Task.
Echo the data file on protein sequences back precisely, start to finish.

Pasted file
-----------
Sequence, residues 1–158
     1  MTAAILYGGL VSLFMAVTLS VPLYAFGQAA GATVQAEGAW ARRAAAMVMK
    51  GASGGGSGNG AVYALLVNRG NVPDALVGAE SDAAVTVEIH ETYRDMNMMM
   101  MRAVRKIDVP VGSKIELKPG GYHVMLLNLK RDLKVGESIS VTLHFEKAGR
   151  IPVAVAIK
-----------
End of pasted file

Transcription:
Sequence, residues 1–158
     1  MTAAILYGGL VSLFMAVTLS VPLYAFGQAA GATVQAEGAW ARRAAAMVMK
    51  GASGGGSGNG AVYALLVNRG NVPDALVGAE SDAAVTVEIH ETYRDMNMMM
   101  MRAVRKIDVP VGSKIELKPG GYHVMLLNLK RDLKVGESIS VTLHFEKAGR
   151  IPVAVAIK